Of the rolls which have been opened, a large proportion are found to contain works of the Epicurean Philodemus, while others are the writings of Epicurus and the leading members of his school. From the fact that several of Philodemus's works are in duplicate, it has been suggested that the principal part of the collection was formed by Philodemus himself, and that the house in which it was found was that of L. Calpurnius Piso Cæsoninus, the patron of the philosopher and the father-in-law of Julius Cæsar. However this may be, the date of the destruction of Herculaneum, A.D. 79, forms a posterior limit for the age of the papyri. Roughly, then, their period may be fixed at the end of the first Century B.C. or the beginning of the first Century of the Christian era.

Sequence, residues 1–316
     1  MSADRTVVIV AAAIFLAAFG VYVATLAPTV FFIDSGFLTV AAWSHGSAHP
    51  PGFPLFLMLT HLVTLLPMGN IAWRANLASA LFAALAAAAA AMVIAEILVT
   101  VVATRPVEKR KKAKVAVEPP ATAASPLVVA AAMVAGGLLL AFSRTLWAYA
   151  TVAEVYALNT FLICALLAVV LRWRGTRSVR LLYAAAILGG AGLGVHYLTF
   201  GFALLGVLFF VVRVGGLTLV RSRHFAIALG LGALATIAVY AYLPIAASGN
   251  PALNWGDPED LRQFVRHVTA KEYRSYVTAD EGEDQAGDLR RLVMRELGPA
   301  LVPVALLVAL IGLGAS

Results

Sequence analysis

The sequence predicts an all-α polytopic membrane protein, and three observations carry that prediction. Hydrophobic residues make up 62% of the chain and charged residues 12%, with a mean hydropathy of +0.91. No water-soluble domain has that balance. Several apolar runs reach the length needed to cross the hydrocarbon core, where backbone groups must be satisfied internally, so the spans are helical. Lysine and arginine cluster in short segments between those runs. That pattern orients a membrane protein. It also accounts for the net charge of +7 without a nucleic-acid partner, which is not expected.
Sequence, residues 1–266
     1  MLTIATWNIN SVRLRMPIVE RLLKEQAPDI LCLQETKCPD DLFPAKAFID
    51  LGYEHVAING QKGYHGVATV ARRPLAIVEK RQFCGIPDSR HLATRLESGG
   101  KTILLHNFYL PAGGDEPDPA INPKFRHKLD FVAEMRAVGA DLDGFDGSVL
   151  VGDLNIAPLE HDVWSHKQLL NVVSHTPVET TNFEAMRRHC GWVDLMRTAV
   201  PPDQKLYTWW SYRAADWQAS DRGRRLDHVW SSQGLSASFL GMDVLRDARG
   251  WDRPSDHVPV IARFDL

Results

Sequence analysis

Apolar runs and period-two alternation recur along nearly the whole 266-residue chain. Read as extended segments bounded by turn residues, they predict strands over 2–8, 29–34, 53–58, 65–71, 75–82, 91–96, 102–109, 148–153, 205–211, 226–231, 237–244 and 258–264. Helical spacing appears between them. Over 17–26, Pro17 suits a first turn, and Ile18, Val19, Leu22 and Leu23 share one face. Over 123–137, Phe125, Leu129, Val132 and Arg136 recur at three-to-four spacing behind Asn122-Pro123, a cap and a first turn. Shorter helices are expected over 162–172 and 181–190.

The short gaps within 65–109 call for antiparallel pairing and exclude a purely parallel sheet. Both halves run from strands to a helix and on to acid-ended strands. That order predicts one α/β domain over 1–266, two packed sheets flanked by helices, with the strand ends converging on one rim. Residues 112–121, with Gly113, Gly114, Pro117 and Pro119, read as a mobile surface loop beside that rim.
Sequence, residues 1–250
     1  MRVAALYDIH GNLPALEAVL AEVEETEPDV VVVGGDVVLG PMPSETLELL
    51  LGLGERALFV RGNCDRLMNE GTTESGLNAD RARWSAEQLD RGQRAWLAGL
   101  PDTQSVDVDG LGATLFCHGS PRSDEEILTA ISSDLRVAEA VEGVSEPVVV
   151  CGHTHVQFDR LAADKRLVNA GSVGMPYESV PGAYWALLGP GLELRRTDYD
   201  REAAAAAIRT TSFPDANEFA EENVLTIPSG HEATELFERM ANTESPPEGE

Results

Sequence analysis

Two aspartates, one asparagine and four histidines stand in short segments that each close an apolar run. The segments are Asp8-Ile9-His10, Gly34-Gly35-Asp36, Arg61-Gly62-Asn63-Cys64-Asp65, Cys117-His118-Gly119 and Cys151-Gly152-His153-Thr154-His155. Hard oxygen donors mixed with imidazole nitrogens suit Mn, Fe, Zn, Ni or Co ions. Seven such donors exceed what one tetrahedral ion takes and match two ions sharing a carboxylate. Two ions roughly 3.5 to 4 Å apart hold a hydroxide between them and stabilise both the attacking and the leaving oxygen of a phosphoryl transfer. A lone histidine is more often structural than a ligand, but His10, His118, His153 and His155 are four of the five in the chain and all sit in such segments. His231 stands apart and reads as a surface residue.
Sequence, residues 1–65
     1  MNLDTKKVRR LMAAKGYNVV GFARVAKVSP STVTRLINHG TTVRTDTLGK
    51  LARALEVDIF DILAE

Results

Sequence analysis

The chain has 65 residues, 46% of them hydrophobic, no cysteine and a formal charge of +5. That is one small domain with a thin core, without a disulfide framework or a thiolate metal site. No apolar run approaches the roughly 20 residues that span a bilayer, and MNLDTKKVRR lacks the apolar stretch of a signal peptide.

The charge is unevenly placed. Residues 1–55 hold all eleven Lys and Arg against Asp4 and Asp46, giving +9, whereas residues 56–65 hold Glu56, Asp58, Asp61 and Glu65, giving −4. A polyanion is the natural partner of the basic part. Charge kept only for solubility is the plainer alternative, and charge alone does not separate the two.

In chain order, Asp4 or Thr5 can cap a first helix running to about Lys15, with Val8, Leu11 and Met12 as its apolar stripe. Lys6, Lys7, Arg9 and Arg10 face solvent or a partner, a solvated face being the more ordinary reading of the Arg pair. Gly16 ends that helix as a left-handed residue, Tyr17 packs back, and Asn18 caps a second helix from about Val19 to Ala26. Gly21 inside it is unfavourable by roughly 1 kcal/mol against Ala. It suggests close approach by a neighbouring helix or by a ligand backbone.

The most important Lesson. which we, as palæographers, learn from these ancient papyri is, that through out all periods, as far back as we can reach, we have side by side two classes of Greek writing : the Literary or Book-hand, in which works of literature were usually (but not always) written, and the Cursive hand of every-day life ; that, however remote the date of these documents, we find in them evidence that then all sorts and conditions of men wrote as fluently as we do now ; that the scribe of those days could produce as finely written texts as the scribe of later times ; and that the educated or professional man could note down records of daily business with as much facility as any of their descendants. And if we had these evidences of a wide-spread knowledge of Greek writing so far back as the third Century B.C., and writing, too, of a kind which bears on its face the stamp of matured development, the question naturally arises, to what remote period are we to assign the first stage of Greek writing, not in a primitive condition, but so far developed as to be a practical means of intercourse. There has hitherto rather been a tendency to regard the earliest existing Greek inscriptions as the first painful efforts of unskilled hands. But it is far more natural to suppose that, almost simultaneously with the adoption of an alphabet, the keen-witted Greek trader must have profited by the example of Egyptian and Phoenician and have soon learnt how to express himself in writing. It is impossible at least to doubt that the Greek mercenaries who were able to cut so skilfully not only their names but also longer inscriptions on the statue of Abu Simbel some 600 years B.C., were perfectly able to write fluently with the pen.